The past few weeks have brought me nothing but disappointment. My name was left off the short list of nominees to the U.S. Supreme Court. To make matters worse, the folks in Stockholm snubbed me when they handed out a fresh crop of Nobel Prizes.
Now, I wasn't really expecting a call to the bench. The truth is, I don't agree with the president's policies - nor the policies of any president except William Henry Harrison, who caught a cold and died after only one month in office, before he could do any real damage to the nation. (Also, there's no way I could have passed the background security check.)
The Nobels were a different matter, though. I thought I was a shoo-in for chemistry, a discipline in which I excelled in high school.
But no. The prize went to some scientists for work they did decades ago involving atoms or molecules or such. My long-overlooked work in the field found no merit with the judges.
My chemical experimentation dates back to my freshman year of high school in, oddly enough, English class.
A few other kids in class, you see, were always bumming chewing gum from me but never bringing any of their own as payback. Eventually, I had had enough, and I worked out my formula.
I stopped by the drugstore and bought a bottle of alum and several packs of gum.
Alum? I don't know; it's some kind of white chemical powder. The research I had done into its effects involved watching long hours of The Three Stooges' comedies when I was younger.
You might remember those slapstick shorts in which, if the Stooges weren't throwing cream pies, they were pouring alum into the punch bowl. The highfalutin, high-society types would drink a cup of punch and their mouths would pucker up, rendering them speechless.
Eureka! was my response the day I associated the spiked punch with my problem of chronic gum cadgers. I'm sure Alexander Graham Bell was similarly ecstatic when he envisioned the busy signal.
At home, I opened several packs of chewing gum, unfolded the shiny metallic wrappers and sprinkled alum on the gum. The gum already had a coating of white powdered sugar, so no one could tell the difference. Then I refolded the foil.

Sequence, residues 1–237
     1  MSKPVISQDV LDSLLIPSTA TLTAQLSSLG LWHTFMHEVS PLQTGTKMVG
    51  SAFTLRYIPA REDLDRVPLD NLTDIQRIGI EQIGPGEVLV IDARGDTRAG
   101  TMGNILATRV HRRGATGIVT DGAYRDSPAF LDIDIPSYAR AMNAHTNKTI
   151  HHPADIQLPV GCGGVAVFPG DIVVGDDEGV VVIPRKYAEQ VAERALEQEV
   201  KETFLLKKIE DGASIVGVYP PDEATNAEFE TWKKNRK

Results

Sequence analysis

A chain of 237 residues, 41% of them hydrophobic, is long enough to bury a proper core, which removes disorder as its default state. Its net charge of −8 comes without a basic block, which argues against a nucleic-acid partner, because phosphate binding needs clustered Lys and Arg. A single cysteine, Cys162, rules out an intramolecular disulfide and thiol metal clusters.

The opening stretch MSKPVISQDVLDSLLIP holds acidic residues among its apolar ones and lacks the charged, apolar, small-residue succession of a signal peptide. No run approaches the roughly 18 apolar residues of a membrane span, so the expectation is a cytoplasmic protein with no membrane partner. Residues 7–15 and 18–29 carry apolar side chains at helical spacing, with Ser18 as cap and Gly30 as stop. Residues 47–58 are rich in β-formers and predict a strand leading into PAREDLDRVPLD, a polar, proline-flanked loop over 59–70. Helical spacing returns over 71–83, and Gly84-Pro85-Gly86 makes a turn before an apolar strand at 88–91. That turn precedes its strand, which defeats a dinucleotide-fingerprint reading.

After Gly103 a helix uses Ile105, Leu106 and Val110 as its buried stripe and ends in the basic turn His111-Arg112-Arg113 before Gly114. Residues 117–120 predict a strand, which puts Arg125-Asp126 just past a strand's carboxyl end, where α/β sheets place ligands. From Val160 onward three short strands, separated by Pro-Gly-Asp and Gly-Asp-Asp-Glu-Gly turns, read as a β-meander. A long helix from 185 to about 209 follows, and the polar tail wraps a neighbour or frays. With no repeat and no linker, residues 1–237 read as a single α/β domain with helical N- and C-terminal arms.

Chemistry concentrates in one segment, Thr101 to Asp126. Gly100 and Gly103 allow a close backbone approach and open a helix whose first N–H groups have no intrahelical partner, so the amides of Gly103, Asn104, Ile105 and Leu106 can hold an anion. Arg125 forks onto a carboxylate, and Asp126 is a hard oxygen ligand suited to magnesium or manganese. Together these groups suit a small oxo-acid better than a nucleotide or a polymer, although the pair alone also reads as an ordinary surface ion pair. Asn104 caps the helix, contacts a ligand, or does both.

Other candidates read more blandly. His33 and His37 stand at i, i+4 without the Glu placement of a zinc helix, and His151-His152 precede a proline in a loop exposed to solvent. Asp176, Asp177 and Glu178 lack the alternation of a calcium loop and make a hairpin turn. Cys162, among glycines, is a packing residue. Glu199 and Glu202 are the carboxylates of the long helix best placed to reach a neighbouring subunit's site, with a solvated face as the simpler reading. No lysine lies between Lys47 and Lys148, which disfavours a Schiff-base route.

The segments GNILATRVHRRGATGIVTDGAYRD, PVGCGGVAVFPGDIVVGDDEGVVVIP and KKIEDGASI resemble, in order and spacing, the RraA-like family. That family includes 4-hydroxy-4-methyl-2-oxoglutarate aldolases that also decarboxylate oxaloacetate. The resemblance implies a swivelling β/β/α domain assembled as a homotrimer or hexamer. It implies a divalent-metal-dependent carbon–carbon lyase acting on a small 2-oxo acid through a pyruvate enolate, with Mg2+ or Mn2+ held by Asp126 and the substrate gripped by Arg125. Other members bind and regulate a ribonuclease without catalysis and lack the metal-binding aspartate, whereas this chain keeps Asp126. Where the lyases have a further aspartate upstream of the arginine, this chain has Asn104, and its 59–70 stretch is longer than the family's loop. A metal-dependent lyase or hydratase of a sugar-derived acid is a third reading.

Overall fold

The next morning in class, as Miss Boyd was explaining the 20 words of the week we would need to memorize, the gum plan was put into action. Classmates begged for gum, and I did not disappoint them.
As a scientific footnote, I should point out that such a minor dusting of alum did not make the other students mute. Their mouths didn't pucker, and they didn't even suspect the gum.
Instead, it merely left them with a sharp taste in their mouths, as evidenced by their grimaces. Some unsuspecting kids even asked for another stick of gum in an attempt to remove the bitterness.
Ain't science great?
The borrowing of gum diminished that week, and no one would have suspected a thing if I hadn't, in a moment of chemical glee, told what I had done. The less said 'bout that, the better.
Let's just say that I healed.
Kids, don't try to repeat this ground-breaking experiment today. I performed my studies during simpler times, when chemicals were our friends.
Nowadays, they are much more dangerous, and a stick of dusted gum might lead to disastrous consequences involving mad cows, flesh-eating bacteria, global warming or the FBI.
Reach Glynn Moore at (706) 823-3419 or firstname.lastname@example.org.
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